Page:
Pre-rated stocks, fixed-rate deduction, annualised credit – all of these are completely made up financial terms, but if you consider yourself an expert you'd probably be easily tricked into thinking they were real, according to new research published in the journal Psychological Science.
It shows how know-it-all types who consider themselves well-informed in their area of expertise are much more likely to believe fake terms, and may even claim to have some knowledge and experience in the fictitious area.
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Scientists at Cornell University in the US found the trend by carrying out a series of experiments comparing how much knowledge people thought they had of certain topics with their awareness of whether terms were true or false.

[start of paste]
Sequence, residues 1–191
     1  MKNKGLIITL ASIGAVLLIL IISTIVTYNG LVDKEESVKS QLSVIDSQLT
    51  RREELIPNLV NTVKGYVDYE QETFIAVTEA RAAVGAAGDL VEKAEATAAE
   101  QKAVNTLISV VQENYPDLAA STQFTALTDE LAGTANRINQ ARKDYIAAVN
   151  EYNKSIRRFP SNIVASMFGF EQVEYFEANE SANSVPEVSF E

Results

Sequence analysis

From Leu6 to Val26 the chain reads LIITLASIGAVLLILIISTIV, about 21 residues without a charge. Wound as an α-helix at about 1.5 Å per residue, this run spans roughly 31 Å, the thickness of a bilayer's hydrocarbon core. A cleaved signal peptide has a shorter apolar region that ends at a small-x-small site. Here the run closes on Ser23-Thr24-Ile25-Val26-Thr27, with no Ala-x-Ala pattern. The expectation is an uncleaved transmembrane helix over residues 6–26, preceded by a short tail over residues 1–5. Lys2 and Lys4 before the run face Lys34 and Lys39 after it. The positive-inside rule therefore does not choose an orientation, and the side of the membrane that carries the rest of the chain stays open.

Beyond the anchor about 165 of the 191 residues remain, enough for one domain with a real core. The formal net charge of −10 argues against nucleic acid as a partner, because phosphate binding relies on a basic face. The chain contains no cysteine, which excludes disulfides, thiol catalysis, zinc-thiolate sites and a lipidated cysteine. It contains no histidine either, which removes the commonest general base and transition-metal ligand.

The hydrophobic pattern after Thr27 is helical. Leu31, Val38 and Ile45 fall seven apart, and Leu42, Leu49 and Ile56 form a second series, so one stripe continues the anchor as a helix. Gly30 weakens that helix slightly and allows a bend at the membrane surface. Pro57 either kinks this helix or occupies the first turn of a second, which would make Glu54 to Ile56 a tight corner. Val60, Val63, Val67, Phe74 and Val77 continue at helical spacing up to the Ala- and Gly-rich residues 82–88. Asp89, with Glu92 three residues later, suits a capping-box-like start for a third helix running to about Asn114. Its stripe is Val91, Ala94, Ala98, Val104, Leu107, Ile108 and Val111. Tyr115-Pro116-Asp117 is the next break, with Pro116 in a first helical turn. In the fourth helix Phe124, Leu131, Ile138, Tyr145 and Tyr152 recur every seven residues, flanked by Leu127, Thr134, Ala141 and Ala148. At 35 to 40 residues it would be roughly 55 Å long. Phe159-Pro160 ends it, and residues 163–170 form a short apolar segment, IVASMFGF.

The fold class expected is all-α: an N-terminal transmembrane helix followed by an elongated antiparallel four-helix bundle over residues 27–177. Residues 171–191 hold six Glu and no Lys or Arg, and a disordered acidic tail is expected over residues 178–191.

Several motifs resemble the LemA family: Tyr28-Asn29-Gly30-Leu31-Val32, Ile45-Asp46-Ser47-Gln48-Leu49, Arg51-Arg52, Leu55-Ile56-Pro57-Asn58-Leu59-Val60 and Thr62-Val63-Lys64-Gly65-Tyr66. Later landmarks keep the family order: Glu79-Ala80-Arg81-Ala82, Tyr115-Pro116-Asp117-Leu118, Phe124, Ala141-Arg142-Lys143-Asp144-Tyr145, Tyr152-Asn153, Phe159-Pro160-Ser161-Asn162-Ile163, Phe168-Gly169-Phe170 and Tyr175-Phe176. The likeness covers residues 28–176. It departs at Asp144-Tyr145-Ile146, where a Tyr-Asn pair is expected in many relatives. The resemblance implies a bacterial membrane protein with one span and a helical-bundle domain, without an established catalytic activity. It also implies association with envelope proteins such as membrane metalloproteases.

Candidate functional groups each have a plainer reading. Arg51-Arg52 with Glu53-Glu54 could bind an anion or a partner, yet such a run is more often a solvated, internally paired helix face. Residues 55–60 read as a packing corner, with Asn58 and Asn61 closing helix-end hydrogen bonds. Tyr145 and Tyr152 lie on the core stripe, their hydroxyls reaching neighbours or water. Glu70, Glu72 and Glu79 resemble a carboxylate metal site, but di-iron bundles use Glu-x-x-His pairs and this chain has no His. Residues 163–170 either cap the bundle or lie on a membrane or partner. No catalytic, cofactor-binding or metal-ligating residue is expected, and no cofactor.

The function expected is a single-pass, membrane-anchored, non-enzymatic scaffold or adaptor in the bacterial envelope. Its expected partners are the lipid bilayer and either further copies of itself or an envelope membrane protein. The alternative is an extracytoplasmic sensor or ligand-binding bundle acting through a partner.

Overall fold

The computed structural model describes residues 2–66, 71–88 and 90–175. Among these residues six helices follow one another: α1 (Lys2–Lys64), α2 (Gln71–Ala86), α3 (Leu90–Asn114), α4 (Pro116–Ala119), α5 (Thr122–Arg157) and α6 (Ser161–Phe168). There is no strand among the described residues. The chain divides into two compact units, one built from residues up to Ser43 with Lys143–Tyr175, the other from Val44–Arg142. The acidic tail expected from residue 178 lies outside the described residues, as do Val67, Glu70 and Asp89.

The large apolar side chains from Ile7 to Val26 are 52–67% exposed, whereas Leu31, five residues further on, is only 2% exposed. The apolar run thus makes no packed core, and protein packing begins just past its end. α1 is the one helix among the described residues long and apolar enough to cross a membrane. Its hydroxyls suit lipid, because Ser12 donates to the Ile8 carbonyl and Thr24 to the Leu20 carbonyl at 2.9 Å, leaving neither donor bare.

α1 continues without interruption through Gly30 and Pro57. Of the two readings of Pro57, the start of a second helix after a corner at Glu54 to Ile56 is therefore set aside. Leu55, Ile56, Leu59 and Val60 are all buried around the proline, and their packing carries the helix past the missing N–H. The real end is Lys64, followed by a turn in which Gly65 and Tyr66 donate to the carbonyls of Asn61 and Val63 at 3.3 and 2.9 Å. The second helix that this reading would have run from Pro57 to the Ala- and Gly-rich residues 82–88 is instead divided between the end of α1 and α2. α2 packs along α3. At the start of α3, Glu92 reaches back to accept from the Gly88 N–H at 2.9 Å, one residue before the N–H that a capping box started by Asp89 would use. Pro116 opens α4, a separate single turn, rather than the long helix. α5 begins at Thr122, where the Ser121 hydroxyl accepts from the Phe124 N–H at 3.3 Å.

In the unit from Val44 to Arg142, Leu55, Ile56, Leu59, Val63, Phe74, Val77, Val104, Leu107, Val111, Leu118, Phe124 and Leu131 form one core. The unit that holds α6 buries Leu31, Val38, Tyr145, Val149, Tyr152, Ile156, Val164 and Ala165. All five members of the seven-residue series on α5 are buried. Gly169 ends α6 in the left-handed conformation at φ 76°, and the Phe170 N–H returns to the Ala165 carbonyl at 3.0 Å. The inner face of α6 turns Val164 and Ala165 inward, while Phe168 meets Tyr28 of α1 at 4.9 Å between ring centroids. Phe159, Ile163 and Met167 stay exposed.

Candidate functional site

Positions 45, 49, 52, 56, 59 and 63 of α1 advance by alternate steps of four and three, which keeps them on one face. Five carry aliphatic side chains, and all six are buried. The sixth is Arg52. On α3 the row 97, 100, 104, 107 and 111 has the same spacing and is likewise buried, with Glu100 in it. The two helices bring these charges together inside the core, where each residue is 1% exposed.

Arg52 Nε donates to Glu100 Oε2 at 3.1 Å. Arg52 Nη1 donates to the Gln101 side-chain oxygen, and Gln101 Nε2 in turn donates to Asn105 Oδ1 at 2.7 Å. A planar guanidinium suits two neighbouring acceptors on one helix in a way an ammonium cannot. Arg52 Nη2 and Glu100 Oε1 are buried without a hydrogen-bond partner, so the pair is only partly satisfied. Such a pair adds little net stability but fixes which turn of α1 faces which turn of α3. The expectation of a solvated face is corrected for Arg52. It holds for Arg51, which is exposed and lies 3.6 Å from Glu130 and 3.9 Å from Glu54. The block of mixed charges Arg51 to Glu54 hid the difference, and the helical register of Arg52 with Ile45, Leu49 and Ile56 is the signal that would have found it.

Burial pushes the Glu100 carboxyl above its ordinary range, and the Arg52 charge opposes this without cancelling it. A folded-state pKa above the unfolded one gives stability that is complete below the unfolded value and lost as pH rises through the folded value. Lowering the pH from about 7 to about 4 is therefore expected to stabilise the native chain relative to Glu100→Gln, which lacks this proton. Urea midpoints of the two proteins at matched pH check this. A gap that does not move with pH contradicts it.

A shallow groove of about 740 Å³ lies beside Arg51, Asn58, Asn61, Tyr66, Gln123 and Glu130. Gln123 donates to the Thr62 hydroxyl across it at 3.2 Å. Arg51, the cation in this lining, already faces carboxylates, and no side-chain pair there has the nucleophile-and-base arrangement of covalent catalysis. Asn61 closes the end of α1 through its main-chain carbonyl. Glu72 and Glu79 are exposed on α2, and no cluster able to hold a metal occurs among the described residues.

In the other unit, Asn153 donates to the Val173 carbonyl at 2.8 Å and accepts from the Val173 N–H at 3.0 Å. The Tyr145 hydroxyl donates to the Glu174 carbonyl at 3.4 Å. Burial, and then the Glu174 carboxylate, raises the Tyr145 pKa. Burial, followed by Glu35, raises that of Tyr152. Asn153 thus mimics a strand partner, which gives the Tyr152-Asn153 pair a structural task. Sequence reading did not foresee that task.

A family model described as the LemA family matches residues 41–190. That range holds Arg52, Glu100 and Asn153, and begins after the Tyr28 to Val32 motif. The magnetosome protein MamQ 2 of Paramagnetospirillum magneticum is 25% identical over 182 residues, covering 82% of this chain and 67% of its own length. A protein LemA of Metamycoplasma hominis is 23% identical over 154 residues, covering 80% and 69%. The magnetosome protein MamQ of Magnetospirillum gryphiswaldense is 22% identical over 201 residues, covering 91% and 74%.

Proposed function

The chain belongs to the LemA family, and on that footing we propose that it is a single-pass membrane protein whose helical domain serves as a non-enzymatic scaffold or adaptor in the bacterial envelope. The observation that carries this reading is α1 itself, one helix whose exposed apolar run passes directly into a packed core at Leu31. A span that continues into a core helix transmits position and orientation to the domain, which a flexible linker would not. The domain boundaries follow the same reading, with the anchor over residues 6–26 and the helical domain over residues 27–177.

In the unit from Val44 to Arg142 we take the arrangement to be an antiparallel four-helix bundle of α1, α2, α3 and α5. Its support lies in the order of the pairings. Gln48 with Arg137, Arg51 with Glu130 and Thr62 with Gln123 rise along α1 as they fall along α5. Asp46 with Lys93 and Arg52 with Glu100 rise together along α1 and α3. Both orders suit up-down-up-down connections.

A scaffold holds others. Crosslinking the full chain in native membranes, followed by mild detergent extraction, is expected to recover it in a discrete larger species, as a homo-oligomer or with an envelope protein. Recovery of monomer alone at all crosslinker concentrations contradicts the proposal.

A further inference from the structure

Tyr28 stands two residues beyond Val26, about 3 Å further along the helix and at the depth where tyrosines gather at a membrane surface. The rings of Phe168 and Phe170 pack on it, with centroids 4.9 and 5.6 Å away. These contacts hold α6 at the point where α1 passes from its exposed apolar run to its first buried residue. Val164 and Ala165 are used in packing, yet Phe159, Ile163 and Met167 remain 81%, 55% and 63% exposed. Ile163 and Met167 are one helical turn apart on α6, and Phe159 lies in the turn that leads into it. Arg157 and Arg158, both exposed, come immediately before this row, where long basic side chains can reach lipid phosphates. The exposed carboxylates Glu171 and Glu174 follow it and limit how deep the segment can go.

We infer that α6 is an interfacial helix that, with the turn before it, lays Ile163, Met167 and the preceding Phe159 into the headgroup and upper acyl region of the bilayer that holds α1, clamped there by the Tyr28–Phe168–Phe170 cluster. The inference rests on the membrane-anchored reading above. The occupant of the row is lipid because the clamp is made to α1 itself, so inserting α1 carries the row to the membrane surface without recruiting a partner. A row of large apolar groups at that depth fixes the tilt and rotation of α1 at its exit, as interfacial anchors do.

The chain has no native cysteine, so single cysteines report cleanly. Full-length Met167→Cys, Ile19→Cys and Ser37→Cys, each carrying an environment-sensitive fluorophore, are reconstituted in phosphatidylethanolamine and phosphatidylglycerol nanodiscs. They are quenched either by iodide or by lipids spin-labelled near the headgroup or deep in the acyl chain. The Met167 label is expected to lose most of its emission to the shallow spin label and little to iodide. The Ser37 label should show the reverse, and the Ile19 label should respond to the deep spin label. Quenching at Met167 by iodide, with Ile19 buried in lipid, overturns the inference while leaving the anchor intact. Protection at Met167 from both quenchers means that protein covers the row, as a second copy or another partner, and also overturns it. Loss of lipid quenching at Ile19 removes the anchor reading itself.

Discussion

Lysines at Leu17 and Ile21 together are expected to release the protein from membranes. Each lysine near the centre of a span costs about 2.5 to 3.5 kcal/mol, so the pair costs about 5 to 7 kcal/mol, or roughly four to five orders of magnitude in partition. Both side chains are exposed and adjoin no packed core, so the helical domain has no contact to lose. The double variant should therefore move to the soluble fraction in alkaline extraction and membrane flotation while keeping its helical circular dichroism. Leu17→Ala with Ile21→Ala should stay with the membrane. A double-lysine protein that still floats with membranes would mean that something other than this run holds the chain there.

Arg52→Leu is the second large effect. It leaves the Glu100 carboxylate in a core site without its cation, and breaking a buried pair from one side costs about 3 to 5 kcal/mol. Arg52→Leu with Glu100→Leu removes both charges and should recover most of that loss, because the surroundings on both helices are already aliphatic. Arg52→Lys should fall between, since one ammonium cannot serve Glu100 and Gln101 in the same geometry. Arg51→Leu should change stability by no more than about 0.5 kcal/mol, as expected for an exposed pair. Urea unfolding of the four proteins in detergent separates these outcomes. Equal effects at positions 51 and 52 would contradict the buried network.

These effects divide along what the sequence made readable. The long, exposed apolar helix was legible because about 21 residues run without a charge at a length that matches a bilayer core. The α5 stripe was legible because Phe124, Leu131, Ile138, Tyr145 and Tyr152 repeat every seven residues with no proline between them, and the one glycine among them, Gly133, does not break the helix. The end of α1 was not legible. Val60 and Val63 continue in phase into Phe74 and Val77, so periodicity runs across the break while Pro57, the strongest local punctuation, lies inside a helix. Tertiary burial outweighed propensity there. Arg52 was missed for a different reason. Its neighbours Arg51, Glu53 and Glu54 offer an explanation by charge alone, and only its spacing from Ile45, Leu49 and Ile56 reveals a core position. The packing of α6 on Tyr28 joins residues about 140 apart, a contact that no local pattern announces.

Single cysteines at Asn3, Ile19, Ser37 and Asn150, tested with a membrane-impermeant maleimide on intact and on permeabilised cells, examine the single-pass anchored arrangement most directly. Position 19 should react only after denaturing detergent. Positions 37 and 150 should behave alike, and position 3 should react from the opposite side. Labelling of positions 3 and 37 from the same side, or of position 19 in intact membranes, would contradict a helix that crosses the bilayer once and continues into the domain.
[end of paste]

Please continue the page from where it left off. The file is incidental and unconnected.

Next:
One hundred participants were asked to rate their general knowledge of personal finance, as well as their knowledge of 15 specific finance terms. Most of the terms on the list were real, such as Roth IRA, inflation, home equity, but the researchers also included the three made-up terms listed at the start.
"The more people believed they knew about finances in general, the more likely they were to overclaim knowledge of the fictitious financial terms," said lead researcher Stav Atir.
The same pattern emerged for other domains, including biology, literature, philosophy, and geography.
Indeed, people who believed they were biology experts claimed to know the meaning of non-existent terms such as “meta-toxins” and “bio-sexual”.
The scientists, who have labelled this trend “over-claiming”, say the results show how people rarely have an accurate perception of their own expertise.
"Our work suggests that the seemingly straightforward task of judging one's knowledge may not be so simple, particularly for individuals who believe they have a relatively high level of knowledge to begin with," said Atir.
So, if you think you've already got it all sussed, it may be time to invest in a good financial dictionary.